We hung up our bat detectors at the end of September after an extremely busy survey season. While we will miss watching their fascinating antics, we will enjoy catching up on some sleep over the winter period! Not too much though, as there is still plenty to do throughout autumn and the festive period.
We can carry out day-time bat scoping surveys all year round and whilst we cannot carry out bat activity surveys until May some sites do not require further surveys, making it well worth a site visit outside of the survey season. In addition bats will be snuggling down at their hibernation sites soon and we will be able to start hibernation surveys! Bats usually choose cool undisturbed sites for hibernation such as caves, trees or manmade structures including mines and cellars.
David Watts, our Senior Ecological Consultant, is also an Arboricultural Consultant and will be undertaking a range of tree surveys over the winter including Arboricultural Impact assessments and Tree Safety Surveys. These are actually best conducted over winter after trees have lost their leaves as foliage can often obscure details of the tree making surveying difficult and labour intensive. Surveys for hibernating bats or signs of roosting bats in trees can also be conducted during this time. Different bat species will utilise trees at different times of the year so winter can be the ideal time to find certain species such as common pipistrelles.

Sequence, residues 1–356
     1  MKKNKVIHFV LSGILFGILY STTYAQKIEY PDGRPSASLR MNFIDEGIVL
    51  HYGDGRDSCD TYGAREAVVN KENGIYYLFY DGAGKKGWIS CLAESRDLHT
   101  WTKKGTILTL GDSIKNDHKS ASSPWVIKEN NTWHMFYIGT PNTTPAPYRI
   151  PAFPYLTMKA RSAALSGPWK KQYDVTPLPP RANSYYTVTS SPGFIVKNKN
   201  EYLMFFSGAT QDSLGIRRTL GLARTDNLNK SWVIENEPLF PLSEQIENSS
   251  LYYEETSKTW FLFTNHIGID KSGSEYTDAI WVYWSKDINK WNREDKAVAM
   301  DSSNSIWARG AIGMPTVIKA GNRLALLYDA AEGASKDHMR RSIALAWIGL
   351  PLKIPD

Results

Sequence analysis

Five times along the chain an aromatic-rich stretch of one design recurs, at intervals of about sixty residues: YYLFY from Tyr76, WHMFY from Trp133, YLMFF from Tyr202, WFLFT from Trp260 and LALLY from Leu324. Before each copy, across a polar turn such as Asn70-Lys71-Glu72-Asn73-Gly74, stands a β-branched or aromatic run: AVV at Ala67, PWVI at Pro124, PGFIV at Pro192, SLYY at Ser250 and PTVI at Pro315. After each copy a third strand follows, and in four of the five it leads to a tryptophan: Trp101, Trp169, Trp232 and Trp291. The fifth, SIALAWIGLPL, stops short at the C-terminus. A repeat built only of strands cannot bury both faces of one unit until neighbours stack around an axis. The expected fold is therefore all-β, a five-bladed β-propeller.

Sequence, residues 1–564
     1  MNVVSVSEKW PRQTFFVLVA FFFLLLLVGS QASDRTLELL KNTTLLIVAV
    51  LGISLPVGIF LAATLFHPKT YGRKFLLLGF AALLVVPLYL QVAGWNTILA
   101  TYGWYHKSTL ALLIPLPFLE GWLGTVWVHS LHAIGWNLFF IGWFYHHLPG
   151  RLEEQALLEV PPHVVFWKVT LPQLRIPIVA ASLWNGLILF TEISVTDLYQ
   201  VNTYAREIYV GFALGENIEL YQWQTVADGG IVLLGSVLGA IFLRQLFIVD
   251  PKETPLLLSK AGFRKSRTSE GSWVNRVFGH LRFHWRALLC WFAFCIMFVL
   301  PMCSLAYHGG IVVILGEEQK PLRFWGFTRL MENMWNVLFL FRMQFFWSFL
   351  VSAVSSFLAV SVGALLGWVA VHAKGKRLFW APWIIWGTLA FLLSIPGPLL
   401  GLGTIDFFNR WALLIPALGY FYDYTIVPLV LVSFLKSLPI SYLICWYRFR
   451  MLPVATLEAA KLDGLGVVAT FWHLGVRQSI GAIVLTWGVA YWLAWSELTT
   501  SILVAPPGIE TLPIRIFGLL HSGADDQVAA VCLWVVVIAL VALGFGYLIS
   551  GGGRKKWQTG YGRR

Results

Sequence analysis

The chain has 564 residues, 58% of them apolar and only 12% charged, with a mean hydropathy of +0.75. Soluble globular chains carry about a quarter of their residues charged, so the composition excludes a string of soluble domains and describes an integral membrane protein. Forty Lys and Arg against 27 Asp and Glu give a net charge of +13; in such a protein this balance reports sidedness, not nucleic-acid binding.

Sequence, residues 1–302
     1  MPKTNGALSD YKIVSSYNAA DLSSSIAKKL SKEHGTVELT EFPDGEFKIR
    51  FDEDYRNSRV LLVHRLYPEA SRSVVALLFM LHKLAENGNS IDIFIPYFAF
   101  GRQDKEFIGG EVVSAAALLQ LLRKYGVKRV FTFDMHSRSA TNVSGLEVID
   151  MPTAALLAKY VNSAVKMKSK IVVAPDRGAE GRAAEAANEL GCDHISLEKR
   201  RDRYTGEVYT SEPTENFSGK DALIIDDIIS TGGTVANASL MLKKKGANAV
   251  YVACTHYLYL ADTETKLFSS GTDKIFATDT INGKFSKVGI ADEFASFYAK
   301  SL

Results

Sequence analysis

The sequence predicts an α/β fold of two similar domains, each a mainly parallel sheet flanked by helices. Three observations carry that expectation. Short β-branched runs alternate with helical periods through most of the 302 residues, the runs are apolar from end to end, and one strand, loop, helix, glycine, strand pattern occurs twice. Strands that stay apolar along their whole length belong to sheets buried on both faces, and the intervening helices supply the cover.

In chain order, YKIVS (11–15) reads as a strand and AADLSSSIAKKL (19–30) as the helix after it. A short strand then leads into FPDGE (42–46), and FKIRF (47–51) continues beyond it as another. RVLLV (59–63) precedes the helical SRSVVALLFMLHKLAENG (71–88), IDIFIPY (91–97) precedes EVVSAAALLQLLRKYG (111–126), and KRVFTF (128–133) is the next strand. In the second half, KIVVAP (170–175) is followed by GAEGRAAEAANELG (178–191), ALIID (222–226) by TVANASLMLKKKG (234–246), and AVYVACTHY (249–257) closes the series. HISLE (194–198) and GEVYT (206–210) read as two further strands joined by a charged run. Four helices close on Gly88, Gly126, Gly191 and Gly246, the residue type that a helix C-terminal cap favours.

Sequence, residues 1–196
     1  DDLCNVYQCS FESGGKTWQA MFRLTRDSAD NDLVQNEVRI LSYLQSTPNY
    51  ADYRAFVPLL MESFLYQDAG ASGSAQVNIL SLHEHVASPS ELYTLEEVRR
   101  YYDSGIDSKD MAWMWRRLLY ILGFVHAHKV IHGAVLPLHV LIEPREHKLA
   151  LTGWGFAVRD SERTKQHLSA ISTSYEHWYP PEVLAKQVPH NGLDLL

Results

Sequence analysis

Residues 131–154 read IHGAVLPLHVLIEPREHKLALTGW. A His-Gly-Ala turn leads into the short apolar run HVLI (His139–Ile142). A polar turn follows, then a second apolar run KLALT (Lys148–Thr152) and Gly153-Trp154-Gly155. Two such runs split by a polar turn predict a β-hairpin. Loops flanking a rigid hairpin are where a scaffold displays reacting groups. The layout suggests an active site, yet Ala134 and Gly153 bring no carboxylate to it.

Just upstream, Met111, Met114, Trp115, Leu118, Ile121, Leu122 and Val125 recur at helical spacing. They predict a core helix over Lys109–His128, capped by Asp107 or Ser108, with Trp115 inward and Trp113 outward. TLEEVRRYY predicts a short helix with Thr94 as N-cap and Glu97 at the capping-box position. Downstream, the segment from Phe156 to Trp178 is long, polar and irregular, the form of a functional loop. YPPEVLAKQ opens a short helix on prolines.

Habitat and species specific surveys
We will also still be undertaking Preliminary Ecological Appraisals including Phase 1 Habitat surveys. Whilst we are now out of the optimum time frame (April – September) for these, the majority of habitats can still be identified and mapped although many deciduous or annual plant species will not be distinguishable for surveys on specialist habitats such as semi-improved grassland. Winter Phase 1 Habitat surveys can even be beneficial for species such as badgers and otters as vegetation die back reveals signs such as badger setts, latrines, otter spraints and tracks which might otherwise be obscured by dense brambles.
We can also conduct habitat suitability assessments for great crested newts of any ponds on or near sites. This means we can assess whether further surveys will be required before the GCN survey season starts in April.
Birds will start to arrive in the UK from their breeding grounds in neighbouring Scandinavia and Northern Europe. Many of these will be coastal and wading birds but also garden favourites such as the robin, brambling, fieldfare and redwing. Last year a flock of the elusive waxwing was spotted near to us in Huddersfield so be sure to keep an eye on your rowan trees. Our winter surveys are likely to take place on wetland or farmland habitats where we will be recording the number of birds we encounter.